Case: Watts v. Mountain Country Property Management Ltd., 2022 BCCA 133 (CanLII)

Keywords: stay pending leave to appeal to the Supreme Court of Canada; B.C. (Milk Marketing Board) v. Grisnich (1996), 1996 CanLII 883 (BC CA); ss. 10(2)(b) and 18(1) of the Court of Appeal Act, R.S.B.C. 1996, c. 77; s. 65.1(1) of the Supreme Court Act, R.S.C. 1985, c. S-26

Synopsis:

The Appellant rents a suite in Whistler, B.C.

The landlord posts a ten-day notice to end tenancy for unpaid rent on October 6, 2020. The Appellant files a dispute with the British Columbia Residential Tenancy Branch (“RTB”). The Appellant’s dispute is dismissed; the RTB terminates his tenancy on December 16 and 21, 2020.

The Appellant then commences a judicial review proceeding in the British Columbia Supreme Court, obtaining “stays or adjournments at various times between December 29, 2020 and February 5, 2021”. (See para. 5). A Chambers Judge orders that the matter proceed. A hearing is scheduled for February 18, 2021. The Appellant seeks a further adjournment which is denied; the Court provides oral reasons which determine the RTB decision is “neither procedurally unfair nor potentially unreasonable”. (See para. 6).

The Appellant appeals to the Court of Appeal for British Columbia, which dismisses the appeal in oral reasons for judgment dated October 18, 2021. (See para. 8). The Appellant next seeks leave to appeal to the Supreme Court of Canada. On January 12, 2022, the Appellant files a notice of motion to stay the order dismissing his appeal, pending disposition of the leave application.

The Court of Appeal for British Columbia dismisses the Appellant’s application for a stay. (See para. 28).

Importance:

This case provides a helpful summary of the legal framework applicable to applications for stay pending an application for leave to the Supreme Court of Canada.

The Court of Appeal described its jurisdiction or authority to order a stay as being found at ss. 10(2)(b) and 18(1) of the Court of Appeal Act, R.S.B.C. 1996, c. 77. These sections address the powers of a justice and stay of proceedings powers, respectively. The Court of Appeal also noted that s. 65.1(1) of the Supreme Court Act, R.S.C. 1985, c. S-26 provides jurisdiction to the Supreme Court of Canada as well as the court below to order a stay pending an application for leave to appeal. (See para. 15).

According to the Court of Appeal, the same principles govern the stay application, regardless of whether the application is made pursuant to the Court of Appeal Act or the Supreme Court Act. In either case, an applicant for a stay must satisfy the following three-part test:

  • that there is some merit to the appeal in the sense that there is a serious question to be determined;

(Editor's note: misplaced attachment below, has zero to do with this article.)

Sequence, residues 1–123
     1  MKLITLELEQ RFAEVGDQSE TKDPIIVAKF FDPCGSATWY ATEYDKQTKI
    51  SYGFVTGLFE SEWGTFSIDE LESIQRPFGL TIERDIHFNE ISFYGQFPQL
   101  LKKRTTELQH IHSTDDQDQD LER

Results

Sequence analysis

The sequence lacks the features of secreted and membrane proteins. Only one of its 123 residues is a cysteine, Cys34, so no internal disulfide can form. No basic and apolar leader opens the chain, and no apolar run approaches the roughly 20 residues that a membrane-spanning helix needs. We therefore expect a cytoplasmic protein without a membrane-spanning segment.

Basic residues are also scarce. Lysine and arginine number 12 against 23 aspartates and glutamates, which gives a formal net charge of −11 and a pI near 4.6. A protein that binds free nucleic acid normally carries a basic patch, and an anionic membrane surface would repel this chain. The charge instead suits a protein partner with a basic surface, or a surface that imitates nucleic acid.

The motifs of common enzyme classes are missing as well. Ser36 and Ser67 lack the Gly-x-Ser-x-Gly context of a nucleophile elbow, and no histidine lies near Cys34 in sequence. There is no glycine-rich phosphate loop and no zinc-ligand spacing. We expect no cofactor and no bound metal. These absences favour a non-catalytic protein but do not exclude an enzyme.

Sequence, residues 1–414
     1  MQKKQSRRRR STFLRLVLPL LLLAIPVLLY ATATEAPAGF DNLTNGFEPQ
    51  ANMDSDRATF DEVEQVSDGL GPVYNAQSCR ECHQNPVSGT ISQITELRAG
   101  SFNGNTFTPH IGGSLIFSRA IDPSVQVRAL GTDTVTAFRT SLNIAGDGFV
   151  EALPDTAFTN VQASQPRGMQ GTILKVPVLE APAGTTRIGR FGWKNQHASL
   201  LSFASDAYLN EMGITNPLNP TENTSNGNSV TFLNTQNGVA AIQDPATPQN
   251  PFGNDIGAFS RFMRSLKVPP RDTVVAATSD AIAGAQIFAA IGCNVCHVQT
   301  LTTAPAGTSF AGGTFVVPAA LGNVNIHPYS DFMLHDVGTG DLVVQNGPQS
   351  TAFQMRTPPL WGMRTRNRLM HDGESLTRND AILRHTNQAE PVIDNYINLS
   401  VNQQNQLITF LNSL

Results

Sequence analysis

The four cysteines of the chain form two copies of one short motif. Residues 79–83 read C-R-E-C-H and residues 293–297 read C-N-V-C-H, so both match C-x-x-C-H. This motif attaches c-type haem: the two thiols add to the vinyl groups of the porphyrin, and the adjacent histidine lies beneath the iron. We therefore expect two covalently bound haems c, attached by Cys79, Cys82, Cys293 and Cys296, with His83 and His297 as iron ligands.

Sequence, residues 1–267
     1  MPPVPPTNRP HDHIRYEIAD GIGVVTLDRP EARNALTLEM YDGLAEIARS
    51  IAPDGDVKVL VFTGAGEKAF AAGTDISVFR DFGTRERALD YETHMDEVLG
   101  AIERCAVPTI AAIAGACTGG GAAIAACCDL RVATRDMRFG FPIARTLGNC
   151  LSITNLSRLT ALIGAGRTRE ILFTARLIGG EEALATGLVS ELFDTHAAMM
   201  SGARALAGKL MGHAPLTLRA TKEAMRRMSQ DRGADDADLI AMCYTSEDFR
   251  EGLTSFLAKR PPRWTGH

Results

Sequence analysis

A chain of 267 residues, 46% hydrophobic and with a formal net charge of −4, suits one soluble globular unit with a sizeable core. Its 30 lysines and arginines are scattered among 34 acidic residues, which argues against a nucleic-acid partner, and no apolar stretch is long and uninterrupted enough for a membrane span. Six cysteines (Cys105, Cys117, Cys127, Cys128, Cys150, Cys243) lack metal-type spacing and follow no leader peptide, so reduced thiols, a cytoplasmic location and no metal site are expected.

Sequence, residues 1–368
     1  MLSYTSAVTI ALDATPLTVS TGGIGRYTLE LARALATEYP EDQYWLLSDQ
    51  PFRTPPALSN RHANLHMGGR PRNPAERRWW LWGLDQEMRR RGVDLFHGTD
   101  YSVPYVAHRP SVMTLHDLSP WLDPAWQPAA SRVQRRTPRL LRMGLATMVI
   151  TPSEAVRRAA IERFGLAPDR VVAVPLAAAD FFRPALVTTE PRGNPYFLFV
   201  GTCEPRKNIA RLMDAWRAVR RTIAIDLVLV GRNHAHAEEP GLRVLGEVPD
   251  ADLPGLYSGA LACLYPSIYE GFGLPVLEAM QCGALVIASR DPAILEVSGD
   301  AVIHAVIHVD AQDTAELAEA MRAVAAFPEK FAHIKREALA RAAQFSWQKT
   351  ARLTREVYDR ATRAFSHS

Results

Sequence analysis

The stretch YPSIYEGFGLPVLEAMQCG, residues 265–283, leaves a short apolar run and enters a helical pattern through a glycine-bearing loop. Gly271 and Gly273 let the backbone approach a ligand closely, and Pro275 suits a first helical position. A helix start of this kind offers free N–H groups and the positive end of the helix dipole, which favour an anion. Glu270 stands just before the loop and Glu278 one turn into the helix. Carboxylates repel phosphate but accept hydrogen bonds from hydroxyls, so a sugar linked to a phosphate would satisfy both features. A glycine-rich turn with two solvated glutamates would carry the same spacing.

• that irreparable harm would be occasioned to the applicant if the stay was refused; and
  • that, on balance, the inconvenience to the applicant if the stay was refused would be greater than the inconvenience to the respondent if the stay was granted. (See para. 16; see also B.C. (Milk Marketing Board) v. Grisnich (1996), 1996 CanLII 883 (BC CA) at para. 7; Lee v. Dawson, 2006 BCCA 344 at para. 14).

By way of explanation for the three-part test, the Court of Appeal observed that the merit threshold is “a low one” (i.e. “serious question to be tried”). Despite this, the Court of Appeal says that when the stay is sought pending leave to appeal to the Supreme Court of Canada, a judge must consider this factor in light of the “stringent leave requirements” set out in s. 40 of the Supreme Court Act. (See para. 17; see also Williams v. British Columbia (Attorney General), 2019 BCCA 112 at para. 26).

For the Court of Appeal, then, consideration of the merit factor involves examining whether the issues raised on appeal are matters of public importance that the Supreme Court of Canada might grant leave on – in other words, what is the likelihood that the Supreme Court of Canada will grant leave? (See para. 17; see also Byatt International SA v. Canworld Shipping Company Ltd., 2013 BCCA 558 at para. 12).

In the circumstances of this case, the Court of Appeal determined there was “little, to any spectre, of an issue of public importance” and that the Appellant’s arguments with regarding procedural fairness and reasonableness “militate strongly against leave being granted”. (See para. 24).

Counsel for the Appellant: Ty Watts, appearing in person

Counsel for the Respondents: no one appearing on behalf of the Respondents

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